Deep in the woods, Sarah, Rochelle, Nancy, and Bonnie begin a ceremony that officially establishes their circle. One by one, the women at knifepoint ask, "It is better that you should rush upon this blade than enter this circle with fear in your heart. How do you enter?" The response? "With perfect love and perfect trust."
The four witches then pierce their index fingers and mix their blood with wine, performing their first group spell. They drink of their sisters and ask for something that they need help achieving. Rochelle wants strength to deal with racism. Sarah wants Chris. Bonnie wants to be beautiful on the outside. Nancy wants all the power of Manon. A cloud of monarch butterflies floats down as if someone was listening.
Within a matter of hours, Sarah’s love spell on Chris begins working, and she manipulates his new obsession to humiliate him in retaliation. (However, Nancy’s jealousy of Sarah’s natural power begins to grow stronger.) During a sleepover at Bonnie’s, while playing the game "light as a feather, stiff as a board," they lift Rochelle into the air with only magic. Another night, Sarah casts a spell on racist Laura Lizzie, and a sorrowful Bonnie pleads, "Manon take my scars," as we see the extent of damage over her body.
The next day, Laura bullies Rochelle, and Laura’s signature blonde coif immediately starts falling out. Then, at her next doctor’s appointment, Bonnie’s scars melt off her body. The doctor is stunned since, medically, the gene therapy shouldn’t have worked that fast.
The Invocation of the Spirit
While Sarah’s magic is working like a charm, a frustrated Nancy thinks her spells aren’t working, until a violent encounter between her mom and stepfather ends in Ray dying from a heart attack, leaving them a life insurance policy worth $175,000 and letting Nancy move into fancier digs. At Nancy’s new downtown apartment, the witches practice "glamouring," a spell that can change outward appearances with just a bit of concentration. Sarah nails the spell on the first try, turning her brown hair blonde.
But all is not well in the witches’ world. Chris Hooker’s obsession is turning into dangerous stalking. Sarah asks Lirio how to undo a love spell, only to find out that a spell must run it’s course. She also learns some basic tenets of magic, like what you send out, you receive back times three. Nancy also makes an important discovery, as she finds a book about invoking Manon, but Lirio is concerned when she realizes Nancy’s plan.
At the beach, during the gloaming hour, the coven arrives with their familiars — Rochelle has a fish, Bonnie has a monarch butterfly, Sarah has a blue parakeet, and Nancy has a green garden snake — as they prepare to invoke the spirit of Manon. It’s here that Sarah reveals before she attempted suicide, she would hallucinate snakes and bugs, and this pushed her over the edge. Undeterred, Nancy leads the incredibly intense ceremony that provokes lightning and wind as the women chant. The next morning, they awaken on the beach to find Nancy walking on water and a horde of dead sharks washed on shore. "These are my gifts!" Nancy shouts, claiming Manon lives inside her now.
The coven’s downward spiral
Sarah is justifiably freaked out by the invocation ceremony and tries to talk sense into the other three witches, all of whom are drunk on Nancy’s power. Nancy even asks if Sarah wants to leave the circle. However, Rochelle does have a small reckoning when she sees Laura having a panic attack about her balding scalp. When Rochelle looks in the mirror, her reflection looks away from her.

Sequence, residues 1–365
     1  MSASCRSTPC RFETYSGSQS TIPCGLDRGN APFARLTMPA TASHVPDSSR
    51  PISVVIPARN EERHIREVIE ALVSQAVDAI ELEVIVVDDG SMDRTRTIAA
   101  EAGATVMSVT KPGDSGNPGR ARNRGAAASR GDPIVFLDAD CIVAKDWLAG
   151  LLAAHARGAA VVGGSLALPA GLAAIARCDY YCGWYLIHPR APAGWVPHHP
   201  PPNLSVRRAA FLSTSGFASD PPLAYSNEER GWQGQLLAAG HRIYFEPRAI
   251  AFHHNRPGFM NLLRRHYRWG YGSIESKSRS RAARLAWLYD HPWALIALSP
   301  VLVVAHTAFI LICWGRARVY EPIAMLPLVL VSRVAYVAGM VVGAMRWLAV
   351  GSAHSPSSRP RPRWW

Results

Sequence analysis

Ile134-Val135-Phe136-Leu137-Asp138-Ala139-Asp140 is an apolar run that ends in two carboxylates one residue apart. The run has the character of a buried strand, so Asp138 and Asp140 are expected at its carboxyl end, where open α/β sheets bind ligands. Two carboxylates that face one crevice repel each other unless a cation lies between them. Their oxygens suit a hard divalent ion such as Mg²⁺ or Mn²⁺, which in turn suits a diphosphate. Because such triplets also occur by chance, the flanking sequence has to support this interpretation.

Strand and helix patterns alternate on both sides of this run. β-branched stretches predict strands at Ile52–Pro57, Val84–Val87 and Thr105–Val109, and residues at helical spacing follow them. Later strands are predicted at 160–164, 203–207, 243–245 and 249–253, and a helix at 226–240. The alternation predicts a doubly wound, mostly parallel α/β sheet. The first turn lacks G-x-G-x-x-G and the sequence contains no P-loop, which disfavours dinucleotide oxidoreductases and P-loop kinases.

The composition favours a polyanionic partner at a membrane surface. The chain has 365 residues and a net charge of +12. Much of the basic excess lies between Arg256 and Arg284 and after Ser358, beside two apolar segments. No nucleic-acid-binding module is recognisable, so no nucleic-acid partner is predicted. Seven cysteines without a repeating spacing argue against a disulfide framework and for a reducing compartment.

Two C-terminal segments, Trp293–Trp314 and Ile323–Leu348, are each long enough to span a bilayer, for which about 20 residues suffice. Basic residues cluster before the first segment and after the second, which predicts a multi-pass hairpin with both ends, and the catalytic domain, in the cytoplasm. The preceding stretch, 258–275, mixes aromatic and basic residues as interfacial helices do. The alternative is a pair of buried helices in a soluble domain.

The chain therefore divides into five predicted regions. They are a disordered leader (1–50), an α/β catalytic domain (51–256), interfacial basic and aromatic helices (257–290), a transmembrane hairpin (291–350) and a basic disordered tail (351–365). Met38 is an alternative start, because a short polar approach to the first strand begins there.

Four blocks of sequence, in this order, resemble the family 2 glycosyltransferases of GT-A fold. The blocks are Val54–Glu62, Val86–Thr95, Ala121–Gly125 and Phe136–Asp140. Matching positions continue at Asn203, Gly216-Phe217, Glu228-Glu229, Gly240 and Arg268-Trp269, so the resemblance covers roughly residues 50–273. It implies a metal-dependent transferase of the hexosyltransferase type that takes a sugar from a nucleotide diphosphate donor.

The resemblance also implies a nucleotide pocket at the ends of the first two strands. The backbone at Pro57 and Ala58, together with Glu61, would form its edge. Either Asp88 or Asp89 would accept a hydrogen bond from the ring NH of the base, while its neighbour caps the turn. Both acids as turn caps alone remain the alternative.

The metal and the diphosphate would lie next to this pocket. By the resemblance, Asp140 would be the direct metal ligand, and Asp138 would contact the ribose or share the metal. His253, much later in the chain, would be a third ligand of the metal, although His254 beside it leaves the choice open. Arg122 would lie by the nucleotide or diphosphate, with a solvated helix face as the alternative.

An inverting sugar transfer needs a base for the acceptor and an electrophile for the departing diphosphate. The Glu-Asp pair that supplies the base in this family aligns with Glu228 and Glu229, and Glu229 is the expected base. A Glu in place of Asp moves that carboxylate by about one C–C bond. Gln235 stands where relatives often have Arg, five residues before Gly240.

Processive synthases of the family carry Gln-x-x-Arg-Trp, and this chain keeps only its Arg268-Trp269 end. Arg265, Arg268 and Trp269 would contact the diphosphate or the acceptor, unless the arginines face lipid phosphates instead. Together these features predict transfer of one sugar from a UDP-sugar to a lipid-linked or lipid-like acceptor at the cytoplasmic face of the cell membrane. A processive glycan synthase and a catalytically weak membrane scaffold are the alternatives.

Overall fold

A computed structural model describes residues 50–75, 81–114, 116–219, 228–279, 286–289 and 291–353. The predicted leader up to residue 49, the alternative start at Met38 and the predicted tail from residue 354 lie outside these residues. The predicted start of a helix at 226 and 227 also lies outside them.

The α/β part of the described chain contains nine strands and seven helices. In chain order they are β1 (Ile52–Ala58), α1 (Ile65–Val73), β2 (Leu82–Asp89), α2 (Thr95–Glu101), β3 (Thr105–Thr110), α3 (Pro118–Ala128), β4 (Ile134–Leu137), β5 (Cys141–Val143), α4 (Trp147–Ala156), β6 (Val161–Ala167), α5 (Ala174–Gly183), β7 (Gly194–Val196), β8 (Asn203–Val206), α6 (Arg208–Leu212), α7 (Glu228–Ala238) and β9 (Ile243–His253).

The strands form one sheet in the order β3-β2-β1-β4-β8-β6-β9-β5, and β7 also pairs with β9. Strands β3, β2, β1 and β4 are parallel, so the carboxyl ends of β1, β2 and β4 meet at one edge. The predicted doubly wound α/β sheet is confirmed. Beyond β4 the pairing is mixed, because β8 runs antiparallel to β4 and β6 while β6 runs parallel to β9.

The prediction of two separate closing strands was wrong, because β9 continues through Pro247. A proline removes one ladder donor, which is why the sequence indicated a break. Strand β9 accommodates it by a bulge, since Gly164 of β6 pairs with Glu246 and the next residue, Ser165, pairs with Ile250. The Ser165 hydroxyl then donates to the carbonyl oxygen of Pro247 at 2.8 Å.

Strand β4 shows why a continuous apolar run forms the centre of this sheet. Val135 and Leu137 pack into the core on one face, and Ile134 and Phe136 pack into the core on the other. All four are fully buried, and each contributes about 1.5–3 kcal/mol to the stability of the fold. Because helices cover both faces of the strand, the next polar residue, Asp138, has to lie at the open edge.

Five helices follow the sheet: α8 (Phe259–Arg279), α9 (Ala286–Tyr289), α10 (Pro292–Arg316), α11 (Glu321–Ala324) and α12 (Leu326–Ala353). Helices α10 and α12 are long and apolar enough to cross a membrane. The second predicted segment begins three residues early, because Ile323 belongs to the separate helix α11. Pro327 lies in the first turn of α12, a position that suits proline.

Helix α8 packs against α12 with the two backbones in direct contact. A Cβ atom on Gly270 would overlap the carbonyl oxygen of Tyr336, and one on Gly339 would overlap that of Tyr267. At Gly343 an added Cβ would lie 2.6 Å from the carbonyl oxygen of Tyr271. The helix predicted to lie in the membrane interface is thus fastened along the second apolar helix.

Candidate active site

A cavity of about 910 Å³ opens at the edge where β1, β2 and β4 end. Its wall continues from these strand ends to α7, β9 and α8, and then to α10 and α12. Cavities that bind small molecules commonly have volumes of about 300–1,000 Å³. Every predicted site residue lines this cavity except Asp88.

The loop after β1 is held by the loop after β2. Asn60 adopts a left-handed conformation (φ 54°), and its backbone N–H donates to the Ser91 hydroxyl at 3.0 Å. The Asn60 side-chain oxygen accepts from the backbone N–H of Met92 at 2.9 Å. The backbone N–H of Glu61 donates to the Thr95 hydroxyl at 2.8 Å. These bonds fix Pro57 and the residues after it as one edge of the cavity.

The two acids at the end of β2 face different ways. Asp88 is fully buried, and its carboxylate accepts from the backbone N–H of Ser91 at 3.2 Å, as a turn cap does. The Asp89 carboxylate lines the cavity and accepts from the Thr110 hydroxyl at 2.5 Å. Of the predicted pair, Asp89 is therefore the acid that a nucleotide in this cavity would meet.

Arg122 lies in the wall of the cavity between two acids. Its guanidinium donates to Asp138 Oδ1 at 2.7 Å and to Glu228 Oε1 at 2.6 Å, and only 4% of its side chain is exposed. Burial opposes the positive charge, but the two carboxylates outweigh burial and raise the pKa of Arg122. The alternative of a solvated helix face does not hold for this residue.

But still, it’s three against one, so Sarah turns to Chris Hooker for support, even though he’s still dangerously obsessed with her. She agrees to go out with him for dinner, but instead, an increasingly demented Chris takes her to a remote spot where he sexually assaults her before she escapes to Rochelle’s house and tells the witches what happens. A furious Nancy glamours herself into Sarah until the real Sarah shows up and reveals the spell. When Chris is once again dismissive of Nancy, she loses it, calling him out on all his bad behavior toward women until she ultimately throws him out a window with her mind, even after he seems to sincerely apologize. He’s killed instantly.
Sarah attempts some damage control
In the wake of Chris’ death, which everyone thinks was an accident, Sarah breaks with the coven entirely. She cuts Nancy out of a group photo and attempts to do a binding spell that would prevent Nancy from hurting anyone else or herself. But unfortunately, with Manon’s power, Nancy can now read Sarah’s mind and begins tormenting her with terrible dreams and hallucinations that have Sarah completely spinning out.
At school, Nancy, Bonnie, and Rochelle accost Sarah in the bathroom, where we find out police came to everyone’s house about Chris’ death. They also ask why she wants to leave the circle. Sarah lies that she doesn’t, but Nancy knows the truth. While still claiming the deaths were accidents, Nancy argues that Ray and Chris deserved to die because she said so. The witches also say if Sarah wants to leave the circle, she should leave the city, country, or even the planet. A quietly menacing Nancy tells Sarah stop trying to enchant her and warns, "In the old days, if a witch betrayed her coven, they would kill her."
Desperate, Sarah goes to Lirio at the occult shop for help, explaining that Nancy had invoked the spirit of Manon, and now, they’re trying to destroy her. Lirio invites Sarah into the secret back room, revealed to be a pagan temple with a shimmering pentagram mosaic that Lirio says "was built on a place of power." Lirio lights all candles with one match, telling Sarah she’s from a long line of witches and needs to invoke Manon herself. But Nancy disrupts the ceremony astrally, and Sarah runs home.